- I don't like Babylon's presumption that it knows best what to do with CSS. It's quite a big one for me and with every release I have to go to source code and remove all CSS-related stuff: z-index, tab order, etc. as it messes up with styles already present.

Overall, I think Babylon is more modern, has more features and is FAR easier to get going than Three. If I had to compare these frameworks to programming languages, I'd say Babylon is C# and Three is an early version of C++ :) 

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Hey @max123,

would be great to get your input inspected and sorted, if needed!

1) Cameras - Would be great to know where you see the problem and see if we can solve this. The cameras' architecture was implemented by different developers with different approaches, and we will be happy to see where it can be improved, as long as we dont break backwards compatibility.

2) OOP is nice, but doesn't always, fit I agree. Where I disagree is that we create and destroy a lot of objects every frame. We are doing our best to never recreate new objects, and I believe so far it is very much a successful approach. We reuse as much as we can, and only use new objects when we really have to. If it is not the case, would be great to know where!

3) CSS? I guess you mean the debug layer and the GUI. Which are somewhat external modules of Babylon. You don't need CSS to paint 3D on a canvas, it is a single HTML element. Having said that - if you see that something wrong is being done, css-wise, we would really appreciate the input.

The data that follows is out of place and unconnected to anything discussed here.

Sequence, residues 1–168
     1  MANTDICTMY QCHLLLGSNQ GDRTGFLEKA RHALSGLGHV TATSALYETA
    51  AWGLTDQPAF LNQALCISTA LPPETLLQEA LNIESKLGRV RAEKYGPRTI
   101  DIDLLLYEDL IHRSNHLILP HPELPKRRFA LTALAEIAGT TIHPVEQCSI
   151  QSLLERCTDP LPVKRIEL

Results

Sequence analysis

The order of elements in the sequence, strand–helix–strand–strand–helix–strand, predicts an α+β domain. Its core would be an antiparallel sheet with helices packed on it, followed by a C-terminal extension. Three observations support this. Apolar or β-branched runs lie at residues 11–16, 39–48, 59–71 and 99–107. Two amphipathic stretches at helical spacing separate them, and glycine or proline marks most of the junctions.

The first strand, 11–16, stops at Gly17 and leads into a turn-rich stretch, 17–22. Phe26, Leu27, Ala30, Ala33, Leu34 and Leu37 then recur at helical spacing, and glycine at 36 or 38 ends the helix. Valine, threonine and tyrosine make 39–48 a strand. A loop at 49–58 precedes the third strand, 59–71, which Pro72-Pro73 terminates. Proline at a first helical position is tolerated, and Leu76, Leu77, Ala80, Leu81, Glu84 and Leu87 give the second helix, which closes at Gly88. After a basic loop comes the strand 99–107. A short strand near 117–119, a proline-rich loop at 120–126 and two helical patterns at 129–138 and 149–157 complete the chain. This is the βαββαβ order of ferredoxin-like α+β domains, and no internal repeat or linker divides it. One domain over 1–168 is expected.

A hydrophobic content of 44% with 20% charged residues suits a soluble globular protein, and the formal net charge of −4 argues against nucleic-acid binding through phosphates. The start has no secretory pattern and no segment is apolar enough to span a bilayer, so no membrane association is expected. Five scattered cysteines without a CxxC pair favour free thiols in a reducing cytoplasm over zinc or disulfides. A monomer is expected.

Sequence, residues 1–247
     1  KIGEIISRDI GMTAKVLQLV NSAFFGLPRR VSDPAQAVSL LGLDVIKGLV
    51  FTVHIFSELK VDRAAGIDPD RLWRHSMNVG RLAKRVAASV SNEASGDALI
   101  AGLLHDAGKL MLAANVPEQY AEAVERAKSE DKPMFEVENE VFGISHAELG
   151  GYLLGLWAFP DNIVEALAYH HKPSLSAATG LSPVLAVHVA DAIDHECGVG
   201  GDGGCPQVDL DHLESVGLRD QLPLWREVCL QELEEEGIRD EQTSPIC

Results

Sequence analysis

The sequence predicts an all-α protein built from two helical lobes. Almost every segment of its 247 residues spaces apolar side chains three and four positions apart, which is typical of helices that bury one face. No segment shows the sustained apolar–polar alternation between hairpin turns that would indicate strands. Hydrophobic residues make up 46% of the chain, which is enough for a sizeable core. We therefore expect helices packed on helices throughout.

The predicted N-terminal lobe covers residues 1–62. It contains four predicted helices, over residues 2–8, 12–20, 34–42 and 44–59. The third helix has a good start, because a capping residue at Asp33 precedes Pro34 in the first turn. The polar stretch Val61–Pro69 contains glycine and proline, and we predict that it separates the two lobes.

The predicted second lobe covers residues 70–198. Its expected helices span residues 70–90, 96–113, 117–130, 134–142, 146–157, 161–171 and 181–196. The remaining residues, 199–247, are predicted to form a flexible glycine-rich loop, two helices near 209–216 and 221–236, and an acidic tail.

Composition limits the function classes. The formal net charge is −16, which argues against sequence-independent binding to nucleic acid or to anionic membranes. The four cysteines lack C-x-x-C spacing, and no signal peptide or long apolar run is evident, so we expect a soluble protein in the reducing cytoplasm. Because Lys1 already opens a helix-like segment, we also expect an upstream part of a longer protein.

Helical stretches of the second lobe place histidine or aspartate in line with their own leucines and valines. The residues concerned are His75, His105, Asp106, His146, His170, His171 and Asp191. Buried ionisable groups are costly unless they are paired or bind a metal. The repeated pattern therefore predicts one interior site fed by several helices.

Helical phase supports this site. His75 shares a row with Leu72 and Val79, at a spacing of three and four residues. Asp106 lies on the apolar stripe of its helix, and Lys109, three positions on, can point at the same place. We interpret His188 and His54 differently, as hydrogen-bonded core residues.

@Art Vandelay,

We get this question quite a lot here (I think, just like some have pointed here, it is the wrong place to ask this question :) ) . It all depends on your needs eventually. I believe Babylon provides everything you need to get started and more. and that it is easy to use. But I doubt I will be able to convince a seasoned three-js developer to switch, as they probably already got everything they needed working. 

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Hi @RaananW,


Inside freeCamera and arcRotateCamera classes: element.tabIndex = 1;

Inside babylon.scene: canvas.tabIndex = 1;

Inside VirtualJoystick: VirtualJoystick.vjCanvas.style.zIndex = "5";

And yeah, you're right about the debug layer: when the new one came out, I just gave up on it: no matter what, it wouldn't play nice with my app :) 


I think I covered the subject some time ago, but for me the whole idea of having loads of different camera classes with their own controls feels clunky: I think that having a camera and separate controls would be easier to reason with, e.g. a Camera class would only have properties you normally associate with a camera: fov, min/maxZ, mode (perspective/ortho). Then you would have SEPARATE camera rig classes: Free/FPS, Orbit, Joystic, etc. Again, it's just my opinion :)

Objects creation/destruction:

While playing with Rays (I know, it's dangerous!), I noticed that when you pickWithRay, it would then return Ray.Transform, which calls

var result = new Ray(new Vector3(0,0,0), new Vector3(0,0,0));
Ray.TransformToRef(ray, matrix, result);
return result;

There were other places where I noticed "new" keyword (I'll have to dig through my older code).


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19 minutes ago, adam said:

Where is this happening?

Bad phrasing on my part. I didn't mean that by default the engine itself creates/destroys thousands of objects; it's the use cases where a user has to do loads of ray picking for example.